“The Boehner-Obama spending agreement would allow for unlimited borrowing by the Treasury until March 2017,” said Paul Winfree, director of economic policy studies at The Heritage Foundation. “This deal piles on billions of dollars to the national debt by increasing spending over the next three years and then not paying for it for a decade — with half of the offsets not occurring until 2025.”

The bipartisan Committee for a Responsible Federal Budget estimated that only about half of the increased spending in the budget deal is paid for. Rather than a spending increase of $80 billion over two years, the nonprofit group said, the actual spending hike is $154 billion when interest costs and budget gimmicks are factored into the equation.

“Of this $154 billion, about $78 billion is paid for honestly” through Medicare reforms, reductions in farm subsidies, asset sales and other measures, the group said. “The remaining $56 billion of the legislation — mostly the war spending increase and interest costs — is not paid for at all.”

Of course, Congress bears equal responsibility for the high level of debt. A prime reason that Mr. Boehner left office was conservatives’ displeasure with his accommodation of the president’s budget requests, aside from three years of “sequestration” spending caps that helped limit annual deficits.

“We will be raising the debt ceiling in an unlimited fashion,” said Sen. Rand Paul, a Kentucky Republican who tried to filibuster the budget deal before the Senate approved it in the wee hours of Friday. “We will be giving President Obama a free pass to borrow as much money as he can borrow in the last year of his office. No limit, no dollar limit. Here you go, President Obama. Spend what you want.”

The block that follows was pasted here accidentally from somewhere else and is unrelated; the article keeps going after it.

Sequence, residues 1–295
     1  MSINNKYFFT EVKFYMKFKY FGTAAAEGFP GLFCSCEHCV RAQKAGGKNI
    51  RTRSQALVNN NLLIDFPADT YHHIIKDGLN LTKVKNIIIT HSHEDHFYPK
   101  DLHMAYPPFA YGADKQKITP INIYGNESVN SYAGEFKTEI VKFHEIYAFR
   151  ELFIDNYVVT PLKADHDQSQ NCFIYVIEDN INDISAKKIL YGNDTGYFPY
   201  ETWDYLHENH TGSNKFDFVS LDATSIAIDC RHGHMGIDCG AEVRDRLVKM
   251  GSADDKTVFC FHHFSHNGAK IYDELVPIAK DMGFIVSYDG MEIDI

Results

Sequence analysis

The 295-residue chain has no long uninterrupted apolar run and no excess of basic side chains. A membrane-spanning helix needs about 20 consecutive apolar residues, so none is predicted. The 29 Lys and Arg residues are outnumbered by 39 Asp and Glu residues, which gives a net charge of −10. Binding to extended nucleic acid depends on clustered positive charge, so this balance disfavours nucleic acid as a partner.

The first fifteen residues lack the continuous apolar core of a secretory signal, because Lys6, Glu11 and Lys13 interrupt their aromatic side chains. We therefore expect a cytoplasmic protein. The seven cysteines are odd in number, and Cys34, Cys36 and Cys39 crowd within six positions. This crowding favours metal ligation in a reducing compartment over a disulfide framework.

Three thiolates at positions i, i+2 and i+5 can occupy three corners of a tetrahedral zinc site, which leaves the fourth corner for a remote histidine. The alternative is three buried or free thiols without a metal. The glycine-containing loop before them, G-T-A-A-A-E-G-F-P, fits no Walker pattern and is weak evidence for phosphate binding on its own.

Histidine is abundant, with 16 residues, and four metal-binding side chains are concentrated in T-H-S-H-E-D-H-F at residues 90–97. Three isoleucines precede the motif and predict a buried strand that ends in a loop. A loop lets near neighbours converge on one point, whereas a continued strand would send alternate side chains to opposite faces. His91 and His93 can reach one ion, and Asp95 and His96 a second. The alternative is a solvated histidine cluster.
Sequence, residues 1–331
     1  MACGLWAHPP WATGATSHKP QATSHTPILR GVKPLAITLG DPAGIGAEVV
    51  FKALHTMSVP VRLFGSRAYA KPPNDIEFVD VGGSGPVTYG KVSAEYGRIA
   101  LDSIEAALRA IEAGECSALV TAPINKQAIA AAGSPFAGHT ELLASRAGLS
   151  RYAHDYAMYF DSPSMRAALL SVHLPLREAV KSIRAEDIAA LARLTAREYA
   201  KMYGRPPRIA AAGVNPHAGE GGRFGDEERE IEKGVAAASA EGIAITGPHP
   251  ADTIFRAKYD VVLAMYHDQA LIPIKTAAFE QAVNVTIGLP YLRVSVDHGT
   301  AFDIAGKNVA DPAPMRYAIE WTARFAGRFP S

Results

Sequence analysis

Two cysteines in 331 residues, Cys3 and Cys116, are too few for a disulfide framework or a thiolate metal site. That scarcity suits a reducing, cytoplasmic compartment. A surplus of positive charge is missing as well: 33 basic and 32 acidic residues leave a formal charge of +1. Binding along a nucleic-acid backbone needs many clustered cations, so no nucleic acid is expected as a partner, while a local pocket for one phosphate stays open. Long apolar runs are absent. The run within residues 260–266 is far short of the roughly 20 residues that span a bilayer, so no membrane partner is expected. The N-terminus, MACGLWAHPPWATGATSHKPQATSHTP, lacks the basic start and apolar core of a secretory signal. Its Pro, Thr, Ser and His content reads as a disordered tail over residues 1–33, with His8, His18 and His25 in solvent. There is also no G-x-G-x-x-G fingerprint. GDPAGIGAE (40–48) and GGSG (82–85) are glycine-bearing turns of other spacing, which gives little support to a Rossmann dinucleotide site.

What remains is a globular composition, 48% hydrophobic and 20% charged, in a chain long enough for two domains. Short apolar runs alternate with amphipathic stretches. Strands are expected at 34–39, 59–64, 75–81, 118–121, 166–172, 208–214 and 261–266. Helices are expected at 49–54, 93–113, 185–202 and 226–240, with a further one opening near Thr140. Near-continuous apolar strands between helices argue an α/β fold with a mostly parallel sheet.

Ever-expanding debt

The president said Friday that the agreement “is paid for in a responsible, balanced way.”

“This agreement will strengthen the middle class by investing in education, job training, and basic research,” Mr. Obama said. “It will keep us safe by investing in our national security. It protects our seniors by avoiding harmful cuts to Medicare and Social Security. It locks in two years of funding and should help break the cycle of shutdowns and manufactured crises that have harmed our economy.”

When Mr. Obama talks about fiscal matters, he usually takes credit for cutting the deficit by two-thirds. He also is correct that annual budget deficits have fallen from $1.4 trillion in fiscal 2009, in the depths of the recession, to $439 billion in fiscal 2015.

But the president rarely, if ever, mentions the accumulation of those annual deficits and what the rising national debt means for the country, for the presidents who will follow him and for the nation’s ability to pay for its priorities.

“Debt service will continue to consume a larger portion of the federal budget, and we’ll be looking at gross interest payments on the national debt of close to $1 trillion [annually] by the time another decade passes,” Mr. Sepp said.

Annual net interest payments on the national debt are projected to rise from around $220 billion currently to $755 billion in 10 years. Policymakers in Washington have been fortunate to date because interest rates have been at historic lows for several years.

“Debt payments comprise 6 percent of all spending now, but will more than double to 13 percent in 2025,” said Demian Brady, The National Taxpayers Union Foundation’s director of research. The nonpartisan Congressional Budget Office “cites two main causal factors: an expected eventual rise in interest rates, and the continuing expansion of the federal debt.”

Supporters of the budget agreement point to structural reforms in entitlement programs, including a deal that will prevent a 20 percent across-the-board cut in Social Security Disability Insurance benefits for 11 million people next year.

But Mr. Sepp said it’s not clear whether the provision represents meaningful reform or another budget gimmick.